Together, we are stronger.
Tumours of borderline malignancy
Tumours of borderline malignancy are epithelial tumours that don’t clearly appear to be cancerous. They account for approximately 15% of all epithelial ovarian tumours. They may occur in one or both ovaries.
These tumours are also known as:
- tumours or ovarian cancer of low malignant potential (LMP)
- borderline tumours
- atypical proliferative tumours
- borderline epithelial ovarian cancer
Tumours of borderline malignancy are different from typical ovarian cancers.
- Although the cells of the tumour appear malignant (cancerous), they have not invaded the underlying or nearby tissue.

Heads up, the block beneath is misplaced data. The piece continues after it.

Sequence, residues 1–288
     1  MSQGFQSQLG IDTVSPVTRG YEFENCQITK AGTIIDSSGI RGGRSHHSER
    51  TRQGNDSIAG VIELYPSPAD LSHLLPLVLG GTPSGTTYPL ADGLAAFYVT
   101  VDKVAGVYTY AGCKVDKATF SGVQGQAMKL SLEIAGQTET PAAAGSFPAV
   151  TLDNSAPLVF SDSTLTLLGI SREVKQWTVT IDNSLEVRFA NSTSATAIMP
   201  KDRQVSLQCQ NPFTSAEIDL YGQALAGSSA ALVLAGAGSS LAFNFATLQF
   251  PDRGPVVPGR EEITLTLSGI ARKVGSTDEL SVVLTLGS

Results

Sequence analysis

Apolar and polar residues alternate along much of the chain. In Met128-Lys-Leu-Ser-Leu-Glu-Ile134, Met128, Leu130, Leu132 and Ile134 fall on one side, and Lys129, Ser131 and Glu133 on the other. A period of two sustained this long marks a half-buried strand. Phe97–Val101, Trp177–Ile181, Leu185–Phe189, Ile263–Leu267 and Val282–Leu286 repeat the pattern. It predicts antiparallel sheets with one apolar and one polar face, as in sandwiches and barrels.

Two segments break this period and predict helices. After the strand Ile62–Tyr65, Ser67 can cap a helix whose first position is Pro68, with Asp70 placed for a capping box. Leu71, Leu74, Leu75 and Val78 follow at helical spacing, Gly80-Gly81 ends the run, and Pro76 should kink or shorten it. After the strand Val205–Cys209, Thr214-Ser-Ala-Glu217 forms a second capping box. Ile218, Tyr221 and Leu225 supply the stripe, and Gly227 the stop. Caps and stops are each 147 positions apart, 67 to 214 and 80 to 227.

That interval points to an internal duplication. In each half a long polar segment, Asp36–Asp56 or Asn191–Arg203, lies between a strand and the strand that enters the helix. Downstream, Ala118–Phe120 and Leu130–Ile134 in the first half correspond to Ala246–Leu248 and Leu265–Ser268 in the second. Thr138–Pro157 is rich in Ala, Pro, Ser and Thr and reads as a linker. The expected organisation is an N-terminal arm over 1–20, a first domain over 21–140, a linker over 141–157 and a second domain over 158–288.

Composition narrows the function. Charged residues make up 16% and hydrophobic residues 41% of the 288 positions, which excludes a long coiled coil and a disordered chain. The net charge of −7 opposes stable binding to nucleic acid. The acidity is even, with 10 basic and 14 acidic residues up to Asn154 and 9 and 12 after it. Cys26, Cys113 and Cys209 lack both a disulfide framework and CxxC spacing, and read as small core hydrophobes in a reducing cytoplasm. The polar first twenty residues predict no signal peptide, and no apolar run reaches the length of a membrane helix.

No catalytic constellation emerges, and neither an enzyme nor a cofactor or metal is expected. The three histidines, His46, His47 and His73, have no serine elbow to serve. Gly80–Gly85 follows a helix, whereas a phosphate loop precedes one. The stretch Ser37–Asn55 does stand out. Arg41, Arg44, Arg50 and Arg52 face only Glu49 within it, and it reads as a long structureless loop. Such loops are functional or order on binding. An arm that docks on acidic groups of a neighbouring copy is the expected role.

- If they spread outside the ovary into the abdominal cavity, they may grow on the lining of the abdomen, but they don’t grow into it.
- The tumours grow slowly and most are stage I at diagnosis.
- The tumours tend to develop in women at a younger age than most ovarian cancers.
Types of tumours include:
- serous tumours
- mucinous tumours (gastrointestinal type or endocervical-like type)
- endometrioid tumours
- clear cell tumours
- transitional cell tumours (Brenner tumour) – usually benign
Facing the financial burden of cancer
The Canadian Cancer Society provides helpful information about government income programs, financial resources and other resources available to families struggling to make sense of the personal financial burden they face.